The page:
All this week, I’m sharing highlights and insights from our personal journey. Perhaps you’ll find them encouraging. Or maybe a bit challenging. You might even disagree. But however it all goes down, I hope our messiness might help you find your own way home.
In my last post, I confessed our family’s visceral (and sinful) need for approval. The moment our house sold, the voices of other people’s expectations immediately began manipulating like a DC lobbyist. But even after our own version of “campaign finance reform,” there was still something eating at me. Something I couldn’t quite put my finger on.
And then one morning it hit me: I think God is a sadist.
When faced with decisions. Choices. Alternatives. I intuitively assume God’s will is always the least desirable option. The most unappealing. The most painful.
How sick is that?
Does God call us to sacrifice? To lay down our selfish motives? To destroy our idols? Did He warn us there would be suffering, heartache, and pain? Absolutely! But if following Jesus means a life of self-flagellation and the active pursuit of misery, then we need to stop calling it The Good News. Jesus came to bring life, and life more abundantly. (John 10:10).
When God created Adam and Eve and placed them in the Garden of Eden, He gave them the following instructions:
“You can eat from any tree in the garden, except from the Tree-of-Knowledge-of-Good-and-Evil. Don’t eat from it. The moment you eat from that tree, you’re dead.” (Genesis 2:16-17 MSG)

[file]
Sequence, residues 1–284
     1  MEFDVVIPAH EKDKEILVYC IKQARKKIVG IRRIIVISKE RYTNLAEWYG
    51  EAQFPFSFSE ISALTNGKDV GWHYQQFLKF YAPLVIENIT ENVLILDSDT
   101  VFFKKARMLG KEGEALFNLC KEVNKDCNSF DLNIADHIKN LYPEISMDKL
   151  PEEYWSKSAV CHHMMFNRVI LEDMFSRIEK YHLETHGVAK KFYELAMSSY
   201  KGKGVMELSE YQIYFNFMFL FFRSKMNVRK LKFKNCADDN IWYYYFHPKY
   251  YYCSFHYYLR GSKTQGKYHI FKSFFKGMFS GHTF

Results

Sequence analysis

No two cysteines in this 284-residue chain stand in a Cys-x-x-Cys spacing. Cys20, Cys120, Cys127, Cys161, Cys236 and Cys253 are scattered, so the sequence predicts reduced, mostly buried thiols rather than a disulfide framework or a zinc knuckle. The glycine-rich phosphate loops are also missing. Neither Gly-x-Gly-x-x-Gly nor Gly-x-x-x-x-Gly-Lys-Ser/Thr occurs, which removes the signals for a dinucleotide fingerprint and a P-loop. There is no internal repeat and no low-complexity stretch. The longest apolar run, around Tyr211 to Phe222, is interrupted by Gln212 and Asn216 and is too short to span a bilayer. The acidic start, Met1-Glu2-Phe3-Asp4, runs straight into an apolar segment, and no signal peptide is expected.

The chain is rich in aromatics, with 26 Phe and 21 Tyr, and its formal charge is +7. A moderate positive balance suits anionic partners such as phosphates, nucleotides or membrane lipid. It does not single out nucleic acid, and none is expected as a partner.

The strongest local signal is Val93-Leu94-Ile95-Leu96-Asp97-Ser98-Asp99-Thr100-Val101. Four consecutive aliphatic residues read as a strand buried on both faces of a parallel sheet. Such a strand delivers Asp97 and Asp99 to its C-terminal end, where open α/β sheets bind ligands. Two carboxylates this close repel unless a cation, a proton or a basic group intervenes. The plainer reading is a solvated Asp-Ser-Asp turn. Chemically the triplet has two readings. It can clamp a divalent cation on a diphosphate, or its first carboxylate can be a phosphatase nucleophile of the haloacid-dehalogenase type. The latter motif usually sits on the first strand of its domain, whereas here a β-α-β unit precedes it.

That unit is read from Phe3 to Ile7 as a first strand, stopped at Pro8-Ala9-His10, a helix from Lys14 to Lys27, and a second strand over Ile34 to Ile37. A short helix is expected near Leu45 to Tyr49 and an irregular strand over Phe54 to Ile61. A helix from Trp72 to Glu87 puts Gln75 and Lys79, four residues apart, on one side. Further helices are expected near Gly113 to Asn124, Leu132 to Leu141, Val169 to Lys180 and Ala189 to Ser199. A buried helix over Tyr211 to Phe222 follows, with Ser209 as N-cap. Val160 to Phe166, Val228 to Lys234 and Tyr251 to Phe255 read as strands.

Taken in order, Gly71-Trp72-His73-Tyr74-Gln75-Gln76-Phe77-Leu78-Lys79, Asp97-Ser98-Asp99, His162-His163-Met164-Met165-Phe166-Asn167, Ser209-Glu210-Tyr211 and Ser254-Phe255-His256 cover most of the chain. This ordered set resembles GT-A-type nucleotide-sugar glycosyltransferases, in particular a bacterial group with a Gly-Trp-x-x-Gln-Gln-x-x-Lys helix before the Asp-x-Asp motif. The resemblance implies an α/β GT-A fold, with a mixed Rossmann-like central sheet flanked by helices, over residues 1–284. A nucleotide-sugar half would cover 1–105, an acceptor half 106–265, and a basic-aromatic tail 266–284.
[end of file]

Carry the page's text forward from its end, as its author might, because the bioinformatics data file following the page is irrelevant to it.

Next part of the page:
When it came to finding a new house, we kept asking God for his moral will on the subject. Is it God’s desire for us to live here or there? Big or small? City or suburbs? The conversation went something like this:
“Where do you want us to go, God? Please, tell us.”
“You can eat from any tree in my garden, just stay away from that one.”
“No, no God. Your will. We want to be in your will. Which one do you want?”
“I’m serious, any tree in the garden. Except that good and evil one. Seek wisdom. Seek counsel. Use common sense. Lean into my sovereignty. But choose. Eat freely. Enjoy.”
“Wait God, I can’t be hearing you right. You’ve gotta tell us! We want so desperately to be surrendered. To know that we are smack dab in the middle of your will!”
“Dear Me, Erik – you are! Now please go make the call.”
The reality? We were trying to avoid the responsibility God had given to us. The responsibility to choose. Fear had given way to a false humility. A false servanthood. What we really wanted was inarguable ammo to use against all the internal voices and expectations. A supernatural trump card to justify what we did or did not do. It was about self protection, not self-sacrifice.
And God called our bluff. He set us free, and then laid squarely on our shoulders the responsibility that comes with it. We’re not assembly line machines mindlessly manufacturing the work of the Kingdom. We’re children of the King.
We thought selling our house was about geography. We were wrong.
What lies do you believe about God? Do you struggle with taking responsibility? Do you assume God’s will was the worst possible option?